Making milk chocolate at home is a tedious process, but the rewards are sweet, literally. Milk chocolate is only 45 per cent pure cocoa. The rest is a combination of cocoa butter, sugar, milk and lecithin. Perhaps the best part of making milk chocolate at home is being able to give away the treat as gifts during special occasions to family and friends. Once you get the hang of it, you may never buy chocolate from a store again.
Choose and purchase the cocoa beans. There are several types of cocoa beans to choose from: criollo (best for creating fine chocolate), forasteros (slightly more bitter than the criollo), trinitario (combination of the criollo and forasteros) and nacional (used least often for making chocolate). Purchase 1/2 to 1 cup of cocoa beans from a chocolate supplier.
Lay the beans on a flat cookie sheet. Set the oven to 163 degrees C.
Roast the beans for about 10 to 35 minutes. Slowly reduce the heat to 148 degrees C as the beans roast. You will know that the beans are sufficiently roasted when you start to hear a "cracking" sound. This sound occurs when water vapour is released from the beans.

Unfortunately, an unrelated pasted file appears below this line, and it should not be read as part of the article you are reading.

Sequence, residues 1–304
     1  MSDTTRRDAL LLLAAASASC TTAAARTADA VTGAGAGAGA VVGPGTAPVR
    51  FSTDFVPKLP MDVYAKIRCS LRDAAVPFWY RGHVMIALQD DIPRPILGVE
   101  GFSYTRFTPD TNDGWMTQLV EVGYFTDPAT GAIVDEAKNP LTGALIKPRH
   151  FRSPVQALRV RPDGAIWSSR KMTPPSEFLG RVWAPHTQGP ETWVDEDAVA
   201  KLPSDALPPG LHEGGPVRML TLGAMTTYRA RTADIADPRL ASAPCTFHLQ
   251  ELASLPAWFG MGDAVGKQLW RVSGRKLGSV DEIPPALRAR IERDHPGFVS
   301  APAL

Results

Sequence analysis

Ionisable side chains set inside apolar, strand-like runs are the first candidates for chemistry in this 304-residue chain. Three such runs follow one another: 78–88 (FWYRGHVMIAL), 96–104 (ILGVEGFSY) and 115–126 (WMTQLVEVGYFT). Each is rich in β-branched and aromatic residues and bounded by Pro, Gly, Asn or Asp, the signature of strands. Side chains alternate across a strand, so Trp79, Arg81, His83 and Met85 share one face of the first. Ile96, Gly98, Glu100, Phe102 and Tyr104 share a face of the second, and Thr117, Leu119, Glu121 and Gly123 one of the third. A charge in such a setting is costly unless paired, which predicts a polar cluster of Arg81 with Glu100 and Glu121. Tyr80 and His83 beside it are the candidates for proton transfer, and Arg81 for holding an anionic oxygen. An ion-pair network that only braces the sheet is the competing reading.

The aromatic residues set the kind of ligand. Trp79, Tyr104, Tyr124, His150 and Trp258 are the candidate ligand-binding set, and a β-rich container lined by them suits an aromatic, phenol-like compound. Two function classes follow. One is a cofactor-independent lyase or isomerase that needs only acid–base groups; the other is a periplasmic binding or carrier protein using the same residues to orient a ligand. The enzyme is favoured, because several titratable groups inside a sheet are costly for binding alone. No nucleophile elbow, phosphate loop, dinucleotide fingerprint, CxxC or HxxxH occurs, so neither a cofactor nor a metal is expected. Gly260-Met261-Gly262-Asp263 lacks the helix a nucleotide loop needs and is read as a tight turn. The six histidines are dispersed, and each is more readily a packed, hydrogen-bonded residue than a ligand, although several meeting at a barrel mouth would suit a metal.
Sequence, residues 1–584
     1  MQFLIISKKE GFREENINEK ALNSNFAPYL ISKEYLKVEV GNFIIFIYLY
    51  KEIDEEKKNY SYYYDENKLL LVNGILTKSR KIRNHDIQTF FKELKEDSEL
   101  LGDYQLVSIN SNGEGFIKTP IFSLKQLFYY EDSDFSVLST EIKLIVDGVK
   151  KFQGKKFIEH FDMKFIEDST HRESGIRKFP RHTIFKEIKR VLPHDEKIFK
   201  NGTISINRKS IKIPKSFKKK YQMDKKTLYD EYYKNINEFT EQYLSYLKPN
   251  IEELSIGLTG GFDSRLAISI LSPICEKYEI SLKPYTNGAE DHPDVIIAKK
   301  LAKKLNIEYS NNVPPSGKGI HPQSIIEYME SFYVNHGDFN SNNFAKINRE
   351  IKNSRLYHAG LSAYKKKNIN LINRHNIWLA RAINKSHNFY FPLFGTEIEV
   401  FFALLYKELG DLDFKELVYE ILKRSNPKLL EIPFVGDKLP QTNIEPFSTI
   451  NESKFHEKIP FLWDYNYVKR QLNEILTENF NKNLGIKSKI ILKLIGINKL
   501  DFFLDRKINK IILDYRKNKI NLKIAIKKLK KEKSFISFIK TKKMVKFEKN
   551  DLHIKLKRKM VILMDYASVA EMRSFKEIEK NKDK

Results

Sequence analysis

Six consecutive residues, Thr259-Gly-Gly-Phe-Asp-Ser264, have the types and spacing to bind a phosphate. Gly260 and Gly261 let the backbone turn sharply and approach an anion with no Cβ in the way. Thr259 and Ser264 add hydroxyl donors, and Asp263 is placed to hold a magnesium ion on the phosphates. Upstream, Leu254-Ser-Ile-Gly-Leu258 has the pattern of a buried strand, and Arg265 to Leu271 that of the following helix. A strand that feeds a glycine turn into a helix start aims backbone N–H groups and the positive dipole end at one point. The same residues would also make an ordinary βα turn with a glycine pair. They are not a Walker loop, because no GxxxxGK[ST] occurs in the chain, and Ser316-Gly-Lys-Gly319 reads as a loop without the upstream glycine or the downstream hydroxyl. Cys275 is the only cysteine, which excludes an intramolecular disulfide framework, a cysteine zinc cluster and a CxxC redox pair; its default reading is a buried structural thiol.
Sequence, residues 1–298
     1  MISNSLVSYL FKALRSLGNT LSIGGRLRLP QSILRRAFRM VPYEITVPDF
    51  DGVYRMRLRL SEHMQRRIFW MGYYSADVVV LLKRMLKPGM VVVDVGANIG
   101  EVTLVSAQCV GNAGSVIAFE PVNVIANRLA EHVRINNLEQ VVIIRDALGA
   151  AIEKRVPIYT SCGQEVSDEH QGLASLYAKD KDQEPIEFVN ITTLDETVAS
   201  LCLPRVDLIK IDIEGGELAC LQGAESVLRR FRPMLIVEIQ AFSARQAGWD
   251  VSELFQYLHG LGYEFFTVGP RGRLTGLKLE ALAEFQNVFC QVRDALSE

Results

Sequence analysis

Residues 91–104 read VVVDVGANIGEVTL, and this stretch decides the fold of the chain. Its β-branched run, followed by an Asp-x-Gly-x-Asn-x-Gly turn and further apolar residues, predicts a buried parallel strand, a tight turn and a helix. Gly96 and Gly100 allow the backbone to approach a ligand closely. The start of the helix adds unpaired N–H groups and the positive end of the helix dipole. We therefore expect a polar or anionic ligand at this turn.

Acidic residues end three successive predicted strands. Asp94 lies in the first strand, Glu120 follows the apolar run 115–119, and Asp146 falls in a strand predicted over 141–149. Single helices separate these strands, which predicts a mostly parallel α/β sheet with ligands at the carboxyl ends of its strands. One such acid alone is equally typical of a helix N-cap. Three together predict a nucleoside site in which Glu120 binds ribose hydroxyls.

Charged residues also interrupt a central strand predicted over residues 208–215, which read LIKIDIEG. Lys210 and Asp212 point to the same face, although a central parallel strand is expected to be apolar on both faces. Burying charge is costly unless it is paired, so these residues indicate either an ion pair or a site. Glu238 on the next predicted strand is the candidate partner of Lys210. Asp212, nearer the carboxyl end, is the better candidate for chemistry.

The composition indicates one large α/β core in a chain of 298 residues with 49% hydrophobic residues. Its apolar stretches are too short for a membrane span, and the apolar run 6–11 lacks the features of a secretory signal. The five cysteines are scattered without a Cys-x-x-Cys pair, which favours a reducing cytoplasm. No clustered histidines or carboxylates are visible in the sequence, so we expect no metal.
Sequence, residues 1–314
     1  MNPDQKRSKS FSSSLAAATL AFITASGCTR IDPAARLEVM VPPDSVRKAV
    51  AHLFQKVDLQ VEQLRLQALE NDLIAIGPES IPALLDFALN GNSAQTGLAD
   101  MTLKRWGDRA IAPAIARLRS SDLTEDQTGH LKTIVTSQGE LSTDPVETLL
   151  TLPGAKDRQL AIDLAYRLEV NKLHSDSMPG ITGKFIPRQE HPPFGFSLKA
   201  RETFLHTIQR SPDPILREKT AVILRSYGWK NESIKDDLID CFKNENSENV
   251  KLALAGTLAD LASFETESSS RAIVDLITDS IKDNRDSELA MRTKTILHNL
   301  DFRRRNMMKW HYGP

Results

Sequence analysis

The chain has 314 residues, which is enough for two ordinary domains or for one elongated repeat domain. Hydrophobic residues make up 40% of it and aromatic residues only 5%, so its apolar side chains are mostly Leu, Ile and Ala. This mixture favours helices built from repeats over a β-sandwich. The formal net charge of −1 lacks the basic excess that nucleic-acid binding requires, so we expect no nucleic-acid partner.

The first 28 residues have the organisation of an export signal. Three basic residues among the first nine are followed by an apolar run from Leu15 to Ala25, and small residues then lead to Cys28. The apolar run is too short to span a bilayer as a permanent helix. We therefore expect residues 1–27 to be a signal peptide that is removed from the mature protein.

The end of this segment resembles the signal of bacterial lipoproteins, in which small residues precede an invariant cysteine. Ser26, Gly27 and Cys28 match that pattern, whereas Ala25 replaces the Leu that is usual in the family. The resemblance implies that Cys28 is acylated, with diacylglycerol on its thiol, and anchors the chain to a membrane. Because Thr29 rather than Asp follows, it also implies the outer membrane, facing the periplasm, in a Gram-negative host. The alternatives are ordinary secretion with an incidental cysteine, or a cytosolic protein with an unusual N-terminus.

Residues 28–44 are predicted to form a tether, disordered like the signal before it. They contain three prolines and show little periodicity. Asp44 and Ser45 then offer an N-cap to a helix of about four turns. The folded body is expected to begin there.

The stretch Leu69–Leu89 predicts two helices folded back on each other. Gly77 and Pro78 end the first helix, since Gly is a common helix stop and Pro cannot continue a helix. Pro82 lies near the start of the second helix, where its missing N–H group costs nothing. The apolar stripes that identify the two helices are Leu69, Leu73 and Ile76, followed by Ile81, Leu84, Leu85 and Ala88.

Remove the husk from the cocoa beans by cracking the cocoa beans in half. You can use a hammer or nutcracker to crack the beans. This process is called "winnowing" and can be quite time-consuming.
Grind the cocoa beans. You can actually use a regular juice mixer for this step, but don't use a coffee or grain grinder because when ground, the cocoa beans actually release liqueur.
Grind the sugar into a fine powder to reduce the conching time by about three hours.
Add the powdered milk, cocoa butter, lecithin and sugar to the cocoa powder. For this step, you will need a special machine that refines the chocolate by "folding" and agitating it. This process is typically called "conching," and usually lasts at least 12 hours and at most a few days. The longer the chocolate is conched, the finer the texture will be in the end.
Mold or dip the chocolate. You can dip fruits like strawberries in the finished chocolate while it's still melted. You can also use plastic moulds to give your chocolate a shape. For example, you can use a small mould in the shape of a heart, pour the melted chocolate inside and allow to cool.
Do a trial run using only a few cocoa beans before you take on this project fully. A trial run will help you determine if all the machines are working properly, or if there are any adjustments you need to make. It will also keep you from ruining your entire batch of cocoa beans if you make a mistake the first time.
Don't use pre-powdered sugar. This will cause your chocolate to have a gummy texture. Buy regular sugar and grind it yourself instead as described in step 4.